The Court of Appeal has accepted a challenge by residents against the proposed high rise development on Xemxija ridge, orderning the Environment and Planning Tribunal to re-assess the permit in question.

In its decision, the Court, presided over by Chief Justice Mark Chetcuti, revoked the EPRT’s rejection of the appellant’s requests and allow the permit to remain unchanged.

The Court’s assessment hinged on the question of “commitment”.

The Court disagreed with the Tribunal’s decision that a notice of commencement of works is enough to prove commitment.

It pointed out that the law also requires an assessment of whether the development works have reached a point which prohibit the consideration of laws, plans and policies introduced after the permit was issued, since such consideration would “seriously prejudice” the work already done.

However, there was practically no work conducted on the site of the former Mistra Village until late March 2023, despite the permit being issued back in 2013 (and published in 2014).

The Court stated that the Tribunal did not consider this issue with a “factual lens”, and therefore “wrongly applied” the law in question.

It therefore ordered the Tribunal to re-assess whether the permit in question has been “committed”, and if not, whether or not it is “compatible” with the laws, plans and policies in place today.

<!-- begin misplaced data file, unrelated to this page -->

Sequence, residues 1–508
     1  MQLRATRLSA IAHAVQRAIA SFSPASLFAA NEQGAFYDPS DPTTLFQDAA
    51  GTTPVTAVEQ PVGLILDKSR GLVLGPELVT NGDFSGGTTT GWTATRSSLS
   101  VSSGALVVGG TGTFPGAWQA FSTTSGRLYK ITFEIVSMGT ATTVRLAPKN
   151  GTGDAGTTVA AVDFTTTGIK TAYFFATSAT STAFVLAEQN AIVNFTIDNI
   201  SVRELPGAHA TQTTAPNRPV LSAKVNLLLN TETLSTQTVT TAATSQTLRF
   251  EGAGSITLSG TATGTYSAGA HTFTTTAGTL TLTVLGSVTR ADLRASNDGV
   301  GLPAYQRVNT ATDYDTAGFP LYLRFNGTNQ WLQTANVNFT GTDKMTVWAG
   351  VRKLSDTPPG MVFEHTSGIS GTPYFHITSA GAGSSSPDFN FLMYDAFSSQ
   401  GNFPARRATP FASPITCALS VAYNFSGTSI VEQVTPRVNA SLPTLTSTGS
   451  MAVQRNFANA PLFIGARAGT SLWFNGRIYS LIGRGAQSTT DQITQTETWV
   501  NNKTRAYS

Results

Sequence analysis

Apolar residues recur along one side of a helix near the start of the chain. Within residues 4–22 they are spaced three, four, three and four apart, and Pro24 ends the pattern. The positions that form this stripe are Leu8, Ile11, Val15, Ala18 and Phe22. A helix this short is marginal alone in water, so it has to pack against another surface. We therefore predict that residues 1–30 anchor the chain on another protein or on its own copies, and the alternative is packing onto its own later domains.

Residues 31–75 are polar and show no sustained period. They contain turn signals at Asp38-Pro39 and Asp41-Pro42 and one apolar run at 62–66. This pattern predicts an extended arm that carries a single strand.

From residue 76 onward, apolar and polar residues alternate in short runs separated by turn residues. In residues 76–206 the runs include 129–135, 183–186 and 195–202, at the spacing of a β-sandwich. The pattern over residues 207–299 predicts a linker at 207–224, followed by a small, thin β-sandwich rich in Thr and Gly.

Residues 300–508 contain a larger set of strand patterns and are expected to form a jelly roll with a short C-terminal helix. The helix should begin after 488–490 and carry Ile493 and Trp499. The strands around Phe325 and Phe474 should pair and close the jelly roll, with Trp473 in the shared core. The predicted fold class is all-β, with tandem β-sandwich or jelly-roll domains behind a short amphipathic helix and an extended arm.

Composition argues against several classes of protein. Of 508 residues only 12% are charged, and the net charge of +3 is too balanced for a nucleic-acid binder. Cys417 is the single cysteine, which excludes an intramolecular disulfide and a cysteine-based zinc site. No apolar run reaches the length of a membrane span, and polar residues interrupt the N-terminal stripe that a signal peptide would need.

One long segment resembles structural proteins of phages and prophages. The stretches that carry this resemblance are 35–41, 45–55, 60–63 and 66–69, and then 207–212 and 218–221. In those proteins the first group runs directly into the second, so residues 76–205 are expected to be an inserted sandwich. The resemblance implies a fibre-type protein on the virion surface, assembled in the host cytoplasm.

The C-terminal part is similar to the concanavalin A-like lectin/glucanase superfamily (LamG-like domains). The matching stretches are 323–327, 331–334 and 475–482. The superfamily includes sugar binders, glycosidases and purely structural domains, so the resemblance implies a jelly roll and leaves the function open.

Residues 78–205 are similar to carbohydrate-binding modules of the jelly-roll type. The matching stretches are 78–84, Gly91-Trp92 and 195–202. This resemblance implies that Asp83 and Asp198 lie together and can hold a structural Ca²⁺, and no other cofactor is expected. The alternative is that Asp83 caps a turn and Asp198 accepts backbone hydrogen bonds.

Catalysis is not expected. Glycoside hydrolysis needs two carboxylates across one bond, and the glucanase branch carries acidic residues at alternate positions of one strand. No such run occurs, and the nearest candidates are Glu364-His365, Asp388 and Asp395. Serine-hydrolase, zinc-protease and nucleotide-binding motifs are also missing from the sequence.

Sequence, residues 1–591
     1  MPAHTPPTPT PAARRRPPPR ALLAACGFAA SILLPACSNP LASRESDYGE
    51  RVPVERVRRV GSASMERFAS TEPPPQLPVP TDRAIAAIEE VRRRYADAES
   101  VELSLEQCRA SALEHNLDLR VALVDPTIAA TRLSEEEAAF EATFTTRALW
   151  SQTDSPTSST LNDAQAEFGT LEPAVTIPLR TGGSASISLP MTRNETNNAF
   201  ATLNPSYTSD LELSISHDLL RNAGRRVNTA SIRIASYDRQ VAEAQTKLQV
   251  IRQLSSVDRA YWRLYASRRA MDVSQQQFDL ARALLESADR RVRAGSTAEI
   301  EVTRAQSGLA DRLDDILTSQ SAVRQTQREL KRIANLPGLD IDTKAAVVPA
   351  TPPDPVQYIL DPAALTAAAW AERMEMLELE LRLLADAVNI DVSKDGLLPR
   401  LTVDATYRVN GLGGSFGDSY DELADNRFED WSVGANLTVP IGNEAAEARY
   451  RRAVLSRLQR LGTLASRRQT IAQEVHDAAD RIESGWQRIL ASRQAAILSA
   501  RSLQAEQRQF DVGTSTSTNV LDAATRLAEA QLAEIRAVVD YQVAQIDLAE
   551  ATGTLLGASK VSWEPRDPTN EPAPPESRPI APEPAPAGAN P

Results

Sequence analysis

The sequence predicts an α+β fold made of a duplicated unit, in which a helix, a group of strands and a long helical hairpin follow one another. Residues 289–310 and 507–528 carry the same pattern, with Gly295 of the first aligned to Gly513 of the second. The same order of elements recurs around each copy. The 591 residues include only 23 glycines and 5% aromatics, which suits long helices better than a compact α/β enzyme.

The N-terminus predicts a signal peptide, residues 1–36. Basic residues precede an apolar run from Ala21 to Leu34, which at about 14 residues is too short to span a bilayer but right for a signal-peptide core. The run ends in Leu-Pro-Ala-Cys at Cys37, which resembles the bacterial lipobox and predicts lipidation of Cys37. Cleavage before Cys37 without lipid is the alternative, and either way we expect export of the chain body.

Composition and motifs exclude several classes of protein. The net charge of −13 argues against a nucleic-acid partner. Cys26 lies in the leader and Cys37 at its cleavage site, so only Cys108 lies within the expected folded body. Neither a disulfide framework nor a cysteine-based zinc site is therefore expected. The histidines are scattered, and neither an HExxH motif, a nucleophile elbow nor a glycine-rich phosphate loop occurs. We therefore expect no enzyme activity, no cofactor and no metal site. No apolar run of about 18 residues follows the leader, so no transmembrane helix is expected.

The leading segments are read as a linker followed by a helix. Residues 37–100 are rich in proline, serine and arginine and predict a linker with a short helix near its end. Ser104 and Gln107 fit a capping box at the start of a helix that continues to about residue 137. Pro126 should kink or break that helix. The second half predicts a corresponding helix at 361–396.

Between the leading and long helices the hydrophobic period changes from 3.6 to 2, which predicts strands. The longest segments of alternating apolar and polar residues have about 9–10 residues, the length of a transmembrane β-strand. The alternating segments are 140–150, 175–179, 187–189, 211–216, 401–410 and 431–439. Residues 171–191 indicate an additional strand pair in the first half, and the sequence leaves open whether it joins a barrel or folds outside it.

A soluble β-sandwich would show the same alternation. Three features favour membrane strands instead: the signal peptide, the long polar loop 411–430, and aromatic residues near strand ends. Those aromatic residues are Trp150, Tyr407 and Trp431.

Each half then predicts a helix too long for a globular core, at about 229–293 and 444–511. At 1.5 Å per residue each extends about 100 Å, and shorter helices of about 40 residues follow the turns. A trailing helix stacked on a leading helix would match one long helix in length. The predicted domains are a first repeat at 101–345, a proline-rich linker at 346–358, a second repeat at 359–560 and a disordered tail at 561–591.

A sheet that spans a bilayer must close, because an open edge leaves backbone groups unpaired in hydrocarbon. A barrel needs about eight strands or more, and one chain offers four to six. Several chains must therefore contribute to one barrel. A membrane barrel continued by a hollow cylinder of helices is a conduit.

Since the permit was issued, there has been a raft of new planning legislation, including the Strategic Plan for Environment and Development (SPED), the Development Control Design Policy, Guidance and Standards 2015 (better-known as DC15), and the Floor-Area Height Poolicy (FAR).

Significantly, the latter completely bans any high rise development on ridges – whereas the Mistra site is located on Xemxija Ridge.

The question now is whether the flurry of activity conducted on the site over the last month and a half constitute commitment.

The rapid onset of works weeks before the Court was due to make its final decision was slammed as “greed and arrogance” by environmental organisations.

In a speech delivered at a Labour Party mass meeting on Workers’ Day, 1st May, Prime Minister Robert Abela indicated that reforms that will prevent construction to start if the permit is still being contested in court or in front of the EPRT.

“Does it make sense that planning law allows construction work to start when the permit is still being contested in front of the tribunal or the law courts?” he asked.

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